In November, Rhode Island Governor Donald Carcieri made a move that surprised even his harshest critics -- my membership dues to that club being current -- by vetoing legislation that would have permitted domestic partners to claim each others' remains and plan each others' funerals.
State Senator Rhoda Perry and I sponsored the bill at the behest of our constituent, Mark Goldberg, whose partner's body went unclaimed for nearly a month in late 2008. (It's not gratuitous to mention that Goldberg's partner of 17 years had claimed his own life, for it makes clear just how flagrantly unconscionable were Carcieri's actions.)
As of Tuesday afternoon's veto override session, the law will stand in spite of the Governor's intransigence.
The legislation was construed to apply equally to gay and straight couples, quite possibly affecting more of the latter. But the governor saw it as yet another poisoned barb in gay rights activists' bottomless quiver, asserting that "this bill represents a disturbing trend over the past few years of the incremental erosion of the principles surrounding traditional marriage."
Perhaps he was bolstered by the overturning of marriage equality in Maine just days before the veto. Were Rhode Islanders more fundamentalist in their Catholicism -- RI is the nation's most Catholic state -- it might have played well to the very conservative Republican's conservative base, if he still has one. But with a majority or near majority of Rhode Islanders supporting gay marriage, and with only one member of the legislature voting against the measure -- and therefore with dozens of opponents of marriage equality voting in favor of it -- the maneuver amounted to a self-inflicted gubernatorial face-plant.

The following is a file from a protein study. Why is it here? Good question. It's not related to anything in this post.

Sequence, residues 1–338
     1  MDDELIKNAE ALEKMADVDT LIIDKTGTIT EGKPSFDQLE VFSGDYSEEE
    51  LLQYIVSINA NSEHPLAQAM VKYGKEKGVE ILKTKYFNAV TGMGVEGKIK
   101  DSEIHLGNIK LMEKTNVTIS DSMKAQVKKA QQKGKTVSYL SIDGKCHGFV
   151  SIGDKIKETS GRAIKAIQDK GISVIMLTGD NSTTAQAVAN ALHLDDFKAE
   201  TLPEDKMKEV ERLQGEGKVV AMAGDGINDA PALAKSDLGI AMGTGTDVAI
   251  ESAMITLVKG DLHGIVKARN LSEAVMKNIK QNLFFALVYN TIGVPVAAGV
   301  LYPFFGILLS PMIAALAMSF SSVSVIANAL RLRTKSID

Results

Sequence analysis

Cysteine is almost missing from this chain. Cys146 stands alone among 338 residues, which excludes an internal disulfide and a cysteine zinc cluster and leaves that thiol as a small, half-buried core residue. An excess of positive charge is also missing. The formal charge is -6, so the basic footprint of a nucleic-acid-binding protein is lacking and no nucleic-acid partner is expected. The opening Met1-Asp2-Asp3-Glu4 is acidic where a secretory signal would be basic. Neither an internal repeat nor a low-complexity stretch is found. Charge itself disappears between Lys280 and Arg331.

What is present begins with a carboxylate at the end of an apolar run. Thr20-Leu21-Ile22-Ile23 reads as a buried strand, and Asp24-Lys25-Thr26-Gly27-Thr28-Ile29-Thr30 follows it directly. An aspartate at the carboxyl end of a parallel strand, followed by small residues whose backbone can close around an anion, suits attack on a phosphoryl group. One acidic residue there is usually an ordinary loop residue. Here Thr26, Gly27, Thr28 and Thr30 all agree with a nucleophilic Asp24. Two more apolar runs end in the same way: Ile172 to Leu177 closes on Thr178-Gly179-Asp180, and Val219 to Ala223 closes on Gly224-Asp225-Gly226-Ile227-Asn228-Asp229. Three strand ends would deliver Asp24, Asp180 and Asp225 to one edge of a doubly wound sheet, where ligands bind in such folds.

The backlash was swift and sharp: When pressed on the matter, even the chair of the state GOP declined to support Carcieri. The governor's been quick to make the rounds on cable news in support of his anti-immigrant agenda or his fiscal austerity measures, but it wasn't until the revelation of his fear of the "gay death-style" that his mug landed on the Colbert Report.
So too has the National Organization for Marriage weighed in, accusing Goldberg of playing patsy to the cynical gay rights movement -- or even worse, knowingly exploiting his partner's tragic passing:
Rather than being compassionate, the legislation in question is actually an exploitation of Mr. Goldberg's tragedy by the homosexual-marriage activists in Rhode Island. Despite their claims to the contrary, these bills serve simply as "Trojan Horses" for homosexual-marriage.
Even if Carcieri is against the measure in his frigid heart of hearts, the move was politically asinine. His veto will help the marriage equality effort far more than would have the alternatives, like letting the bill become law without his signature. It provides a stark signal for anyone who's still undecided about gay marriage: "I know I'm not on the same side as those cranks who wanted people to jump through hoops to claim the remains of their loved ones."
For that reason, NOM's revolting stand on this issue should be broadcast far and wide, wherever they work in opposition to gay marriage. The group's radically anti-gay agenda cuts much deeper than opposition to marriage equality: In this instance NOM has demonstrated a willingness to sacrifice the well-being of straight couples, just so gays don't achieve a meager increment of headway alongside them. I suppose every war has its collateral damage.